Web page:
The Kugach landscapes are also pleasing and well done, and I don’t disagree at all with Kelly’s comments about socialist realism art, or that this is an amazing family of painters. But part of what makes art memorable is not just developing an instantly recognizable style (see e.g., Thomas Kinkade), it is expressing something timeless and making the viewer want to see it repeatedly without getting tired of it. Russian avant garde painters, and theater designers (e.g., Bakst, Akimov), and the best of the Soviet non-conformists are able to do this with special creativity. It’s harder for a landscape painter I think, although Kuindzh and Roerich certainly managed it. Timkov is closer to those two, but maintains his own style.

    The comparison between Olga’s tree and Timkov’s (one of his least realistic) is not really a fair one. Olga’s is clearly a better depiction of a tree, but that is not what Timkov is about. Take a look at some of the paintings at the Meridien show, http://www.meridian.org/timkov/gallery.html and you may see what I am trying to say.

  3. In response to Jeff’s comment,
    When you say that “Timkov was less interested in photographic realism and more interested in color and impression,” you imply that the Kugach’s, and all realist painters of the soviet union had some interest in “photographic realism.” This couldn’t be further from the truth, however. Soviet realists had an intensely rigorous academic tradition that stressed, above the likeness of an image to an object, the importance of an artist’s attention to the full three dimensions of an object. These artists truly made use of their two eyes; through unrelenting attention, painters like Svetlechnaya constructed deep, solid space in their paintings.

    With regards to the debate about Timkov, I believe that the voices on either side of the issue are approaching the artist with very different criteria for quality. Timkov, I believe, is much more likely to resonate with a western audience. Here in the west, the immediate distinctiveness of a painter is highly valued. The distinctiveness of an artist’s style is seen as a product of their distinctive vision – it’s a sign of the originality of their artistic approach. This audience values that Timkov expresses himself in an original way.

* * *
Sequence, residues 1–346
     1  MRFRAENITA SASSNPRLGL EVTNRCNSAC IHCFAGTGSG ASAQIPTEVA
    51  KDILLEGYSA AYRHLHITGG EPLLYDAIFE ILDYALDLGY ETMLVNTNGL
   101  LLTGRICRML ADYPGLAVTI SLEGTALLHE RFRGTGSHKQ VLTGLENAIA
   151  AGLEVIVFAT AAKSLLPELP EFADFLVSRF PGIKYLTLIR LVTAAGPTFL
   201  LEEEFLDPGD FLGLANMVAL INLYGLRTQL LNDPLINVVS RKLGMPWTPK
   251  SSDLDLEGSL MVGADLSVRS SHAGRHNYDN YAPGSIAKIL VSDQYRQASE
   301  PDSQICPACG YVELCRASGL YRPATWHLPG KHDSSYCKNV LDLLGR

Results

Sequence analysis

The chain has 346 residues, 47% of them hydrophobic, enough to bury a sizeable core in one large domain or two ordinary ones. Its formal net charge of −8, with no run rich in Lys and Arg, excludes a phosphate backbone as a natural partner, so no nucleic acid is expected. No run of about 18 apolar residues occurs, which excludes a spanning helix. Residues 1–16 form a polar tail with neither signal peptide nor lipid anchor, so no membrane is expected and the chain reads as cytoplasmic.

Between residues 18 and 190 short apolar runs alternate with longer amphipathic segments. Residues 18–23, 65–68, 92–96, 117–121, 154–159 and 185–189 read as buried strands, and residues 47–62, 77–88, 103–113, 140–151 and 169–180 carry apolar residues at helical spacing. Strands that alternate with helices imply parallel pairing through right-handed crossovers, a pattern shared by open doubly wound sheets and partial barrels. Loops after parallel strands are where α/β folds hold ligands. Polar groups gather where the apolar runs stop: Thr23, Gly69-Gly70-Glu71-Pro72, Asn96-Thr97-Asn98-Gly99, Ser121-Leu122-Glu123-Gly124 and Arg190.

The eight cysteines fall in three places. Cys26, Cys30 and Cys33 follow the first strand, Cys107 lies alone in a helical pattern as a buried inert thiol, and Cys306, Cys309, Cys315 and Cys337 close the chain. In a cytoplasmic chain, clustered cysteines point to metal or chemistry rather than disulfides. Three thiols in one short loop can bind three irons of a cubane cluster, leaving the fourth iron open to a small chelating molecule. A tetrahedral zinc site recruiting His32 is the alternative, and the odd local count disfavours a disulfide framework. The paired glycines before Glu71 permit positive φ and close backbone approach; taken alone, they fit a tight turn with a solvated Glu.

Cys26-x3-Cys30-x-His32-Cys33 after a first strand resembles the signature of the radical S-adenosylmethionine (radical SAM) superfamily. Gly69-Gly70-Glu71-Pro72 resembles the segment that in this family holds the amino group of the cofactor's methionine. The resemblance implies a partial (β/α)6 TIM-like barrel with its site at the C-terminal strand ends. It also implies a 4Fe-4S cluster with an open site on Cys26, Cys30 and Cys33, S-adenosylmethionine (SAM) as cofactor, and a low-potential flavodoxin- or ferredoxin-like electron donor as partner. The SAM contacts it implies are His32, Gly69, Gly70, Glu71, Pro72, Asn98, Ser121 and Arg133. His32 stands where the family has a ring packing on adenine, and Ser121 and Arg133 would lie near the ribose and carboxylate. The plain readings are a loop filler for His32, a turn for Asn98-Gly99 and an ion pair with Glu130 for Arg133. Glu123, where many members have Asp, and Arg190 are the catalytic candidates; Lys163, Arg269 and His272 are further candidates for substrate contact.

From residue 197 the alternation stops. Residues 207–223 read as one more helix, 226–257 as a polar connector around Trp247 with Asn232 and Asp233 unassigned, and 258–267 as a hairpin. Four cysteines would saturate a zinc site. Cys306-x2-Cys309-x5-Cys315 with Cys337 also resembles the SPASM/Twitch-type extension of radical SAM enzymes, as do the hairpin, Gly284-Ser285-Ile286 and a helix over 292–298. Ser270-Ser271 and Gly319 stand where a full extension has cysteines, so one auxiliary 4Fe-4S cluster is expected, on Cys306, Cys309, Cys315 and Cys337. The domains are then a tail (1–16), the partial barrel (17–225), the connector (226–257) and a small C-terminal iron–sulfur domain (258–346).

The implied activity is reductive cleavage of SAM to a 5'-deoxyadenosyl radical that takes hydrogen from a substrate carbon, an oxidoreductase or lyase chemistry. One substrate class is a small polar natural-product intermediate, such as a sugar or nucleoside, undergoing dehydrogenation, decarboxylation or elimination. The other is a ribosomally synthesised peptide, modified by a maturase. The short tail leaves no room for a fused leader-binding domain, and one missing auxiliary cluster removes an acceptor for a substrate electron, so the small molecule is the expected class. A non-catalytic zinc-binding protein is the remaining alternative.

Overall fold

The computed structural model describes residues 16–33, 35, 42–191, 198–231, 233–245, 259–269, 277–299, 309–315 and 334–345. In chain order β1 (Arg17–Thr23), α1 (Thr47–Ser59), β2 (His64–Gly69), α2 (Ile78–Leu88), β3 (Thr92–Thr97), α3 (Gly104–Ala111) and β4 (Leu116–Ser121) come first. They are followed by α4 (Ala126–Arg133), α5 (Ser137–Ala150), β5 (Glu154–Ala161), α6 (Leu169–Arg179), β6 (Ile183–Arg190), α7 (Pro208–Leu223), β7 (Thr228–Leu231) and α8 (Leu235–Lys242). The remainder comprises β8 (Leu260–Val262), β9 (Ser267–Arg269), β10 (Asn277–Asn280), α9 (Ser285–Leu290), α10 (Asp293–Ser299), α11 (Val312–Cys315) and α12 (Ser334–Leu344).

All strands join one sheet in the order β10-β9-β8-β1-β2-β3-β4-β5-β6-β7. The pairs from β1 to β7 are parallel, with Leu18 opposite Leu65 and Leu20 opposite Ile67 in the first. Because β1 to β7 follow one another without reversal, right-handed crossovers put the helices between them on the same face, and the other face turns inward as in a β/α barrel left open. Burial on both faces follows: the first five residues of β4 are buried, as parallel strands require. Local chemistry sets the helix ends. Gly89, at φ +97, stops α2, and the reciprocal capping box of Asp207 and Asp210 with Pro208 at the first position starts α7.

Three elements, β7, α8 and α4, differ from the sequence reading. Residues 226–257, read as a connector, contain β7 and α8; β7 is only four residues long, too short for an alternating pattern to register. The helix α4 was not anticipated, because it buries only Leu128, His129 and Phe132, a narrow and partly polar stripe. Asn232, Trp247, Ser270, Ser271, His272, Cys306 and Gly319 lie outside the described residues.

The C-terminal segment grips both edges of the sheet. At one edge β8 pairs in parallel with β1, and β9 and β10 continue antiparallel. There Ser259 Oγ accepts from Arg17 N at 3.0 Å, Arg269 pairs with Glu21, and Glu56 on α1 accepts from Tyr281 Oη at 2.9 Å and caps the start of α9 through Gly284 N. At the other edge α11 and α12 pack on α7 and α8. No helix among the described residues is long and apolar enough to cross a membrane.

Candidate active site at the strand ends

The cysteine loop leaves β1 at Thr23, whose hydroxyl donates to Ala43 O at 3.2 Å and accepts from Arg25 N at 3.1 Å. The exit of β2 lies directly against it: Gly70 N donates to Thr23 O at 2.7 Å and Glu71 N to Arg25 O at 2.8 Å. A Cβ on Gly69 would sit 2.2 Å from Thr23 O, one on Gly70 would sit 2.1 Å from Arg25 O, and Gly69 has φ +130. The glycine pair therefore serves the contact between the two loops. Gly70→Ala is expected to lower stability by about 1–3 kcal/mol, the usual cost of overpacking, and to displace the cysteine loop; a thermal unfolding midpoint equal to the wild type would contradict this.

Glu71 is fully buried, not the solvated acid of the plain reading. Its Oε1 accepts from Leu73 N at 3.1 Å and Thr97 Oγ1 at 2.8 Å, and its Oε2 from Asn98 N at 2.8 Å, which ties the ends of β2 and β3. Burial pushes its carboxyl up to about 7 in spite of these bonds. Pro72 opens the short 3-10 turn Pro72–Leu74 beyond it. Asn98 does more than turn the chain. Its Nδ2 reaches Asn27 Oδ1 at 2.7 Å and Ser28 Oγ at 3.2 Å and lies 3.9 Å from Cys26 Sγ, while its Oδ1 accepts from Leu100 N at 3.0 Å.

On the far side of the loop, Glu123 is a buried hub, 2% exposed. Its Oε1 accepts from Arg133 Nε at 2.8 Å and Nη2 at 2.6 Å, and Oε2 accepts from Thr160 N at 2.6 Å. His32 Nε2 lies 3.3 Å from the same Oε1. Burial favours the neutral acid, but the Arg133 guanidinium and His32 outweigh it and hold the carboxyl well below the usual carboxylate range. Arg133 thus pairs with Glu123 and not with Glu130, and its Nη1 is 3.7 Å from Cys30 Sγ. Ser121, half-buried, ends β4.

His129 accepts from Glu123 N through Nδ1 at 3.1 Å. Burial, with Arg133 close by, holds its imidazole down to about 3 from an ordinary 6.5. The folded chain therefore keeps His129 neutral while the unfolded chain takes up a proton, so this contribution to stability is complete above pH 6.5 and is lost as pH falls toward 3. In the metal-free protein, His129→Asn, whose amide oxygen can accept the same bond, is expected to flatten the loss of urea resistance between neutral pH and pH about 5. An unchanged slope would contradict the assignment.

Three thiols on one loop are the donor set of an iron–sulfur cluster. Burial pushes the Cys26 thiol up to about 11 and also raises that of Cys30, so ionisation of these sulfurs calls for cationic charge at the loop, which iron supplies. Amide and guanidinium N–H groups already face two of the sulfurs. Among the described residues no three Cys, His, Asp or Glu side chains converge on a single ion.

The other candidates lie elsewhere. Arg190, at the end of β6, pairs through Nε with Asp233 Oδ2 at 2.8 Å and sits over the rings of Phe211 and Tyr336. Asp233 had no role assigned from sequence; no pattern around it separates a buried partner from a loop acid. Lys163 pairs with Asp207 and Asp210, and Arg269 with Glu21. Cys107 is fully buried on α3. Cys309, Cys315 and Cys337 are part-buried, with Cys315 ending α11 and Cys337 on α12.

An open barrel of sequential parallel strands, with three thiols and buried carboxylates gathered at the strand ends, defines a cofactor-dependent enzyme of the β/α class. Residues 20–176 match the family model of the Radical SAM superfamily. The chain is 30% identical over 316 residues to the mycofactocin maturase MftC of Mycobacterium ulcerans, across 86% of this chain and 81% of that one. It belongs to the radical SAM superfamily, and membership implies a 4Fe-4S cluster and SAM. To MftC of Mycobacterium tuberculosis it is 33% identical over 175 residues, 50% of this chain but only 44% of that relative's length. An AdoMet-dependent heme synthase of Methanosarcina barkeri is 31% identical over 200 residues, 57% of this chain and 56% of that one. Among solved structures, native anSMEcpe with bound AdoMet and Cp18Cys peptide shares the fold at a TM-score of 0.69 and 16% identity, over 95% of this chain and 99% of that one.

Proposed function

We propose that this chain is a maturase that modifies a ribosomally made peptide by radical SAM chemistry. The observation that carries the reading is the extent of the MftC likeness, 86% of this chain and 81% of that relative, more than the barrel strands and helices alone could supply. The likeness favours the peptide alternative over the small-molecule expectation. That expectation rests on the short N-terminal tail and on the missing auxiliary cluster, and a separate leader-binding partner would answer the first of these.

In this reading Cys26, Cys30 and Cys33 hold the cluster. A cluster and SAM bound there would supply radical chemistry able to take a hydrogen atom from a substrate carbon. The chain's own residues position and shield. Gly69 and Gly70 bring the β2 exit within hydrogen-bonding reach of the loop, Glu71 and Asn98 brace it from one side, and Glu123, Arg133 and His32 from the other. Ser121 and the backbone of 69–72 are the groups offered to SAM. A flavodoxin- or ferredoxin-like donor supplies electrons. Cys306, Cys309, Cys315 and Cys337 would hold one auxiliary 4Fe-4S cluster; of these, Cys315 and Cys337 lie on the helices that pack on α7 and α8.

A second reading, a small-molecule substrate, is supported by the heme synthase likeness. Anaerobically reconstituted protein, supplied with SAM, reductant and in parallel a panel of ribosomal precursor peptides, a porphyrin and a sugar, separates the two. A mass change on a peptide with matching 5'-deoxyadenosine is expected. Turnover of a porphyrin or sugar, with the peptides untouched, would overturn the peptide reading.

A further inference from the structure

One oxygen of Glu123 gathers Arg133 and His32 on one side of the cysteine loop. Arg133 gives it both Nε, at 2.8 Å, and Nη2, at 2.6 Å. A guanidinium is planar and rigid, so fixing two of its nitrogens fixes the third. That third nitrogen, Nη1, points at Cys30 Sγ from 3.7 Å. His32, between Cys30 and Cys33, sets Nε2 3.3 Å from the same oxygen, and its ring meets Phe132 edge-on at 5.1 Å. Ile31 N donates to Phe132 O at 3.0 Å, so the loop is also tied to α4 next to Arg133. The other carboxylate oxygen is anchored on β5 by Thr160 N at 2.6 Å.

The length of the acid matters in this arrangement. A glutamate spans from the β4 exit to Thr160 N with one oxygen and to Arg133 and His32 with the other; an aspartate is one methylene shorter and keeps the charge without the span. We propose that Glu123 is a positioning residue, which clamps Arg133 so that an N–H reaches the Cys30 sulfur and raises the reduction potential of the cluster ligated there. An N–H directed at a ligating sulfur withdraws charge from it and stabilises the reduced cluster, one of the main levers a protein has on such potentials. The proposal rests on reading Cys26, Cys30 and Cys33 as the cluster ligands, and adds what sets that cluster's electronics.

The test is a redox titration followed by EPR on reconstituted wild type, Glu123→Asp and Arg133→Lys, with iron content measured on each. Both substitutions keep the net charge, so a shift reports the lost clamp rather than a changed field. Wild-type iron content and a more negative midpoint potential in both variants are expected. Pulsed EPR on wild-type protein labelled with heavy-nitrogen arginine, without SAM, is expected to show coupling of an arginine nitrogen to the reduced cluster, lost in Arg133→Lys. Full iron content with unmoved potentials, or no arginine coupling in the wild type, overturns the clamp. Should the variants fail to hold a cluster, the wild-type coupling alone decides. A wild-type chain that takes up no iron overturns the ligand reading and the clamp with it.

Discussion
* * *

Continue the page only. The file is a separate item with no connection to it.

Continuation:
To an audience whose artistic consciousness has developed under the guidance of Russian realist painters, and has invested in their holistic, transcendent approach to “mimetic” realism, I think Timkov’s work looks very different. In this tradition, what is looked for first is not style, but feeling, which takes precedence over individuality. Style, for these viewers, has to be justified as an expression of the subject, rather than an expression of the artist ( though the boundary between the two, in subjective space, can be hard to find). So these viewers, I think, find Timkov to be more concerned with expressing himself, than expressing something unique he has found in his subject. Whereas Svetlechnaya, places herself beneath her subject.

    I think that this difference in priorities can explain, in part, the different attitudes towards Timkov’s work.

    Also, in response to Jeff’s comment, I think that the comparison between Timkov and Svetlechnaya is as fair as any comparison between artists. The apple tree is a good representation of Timkov’s style. He is less concerned with the realism of his subject, and more concerned, perhaps, with the two dimensional arrangement of his painting, which is a perfectly valid approach to the subject, and one which alligns him with his contemporaries in modern western art. I don’t think, however, that it is an inherently better approach to Svetlechnaya’s.

  4. Barry makes some good points about Soviet realists (which I suppose would also apply to pre-Soviet realists like Shishkin as well), and I find especially interesting his comments on the difference between “Western” and “Russian” viewers’ criteria in evaluating art.

    But I certainly didn’t say that Timkov’s approach was “inherently better” than Svetlechnaya’s. I only meant that the particular example chosen of Timkov’s art is among his least realistic (or most impressionistic).

    It was the original essay that chose the examples of the two trees and then posed the question: “Which painter has been less afraid, and more respectful when looking into nature?” The implication there is that somehow Timkov is less respectful, or even disrespectful, of nature. That is what I am quarreling with.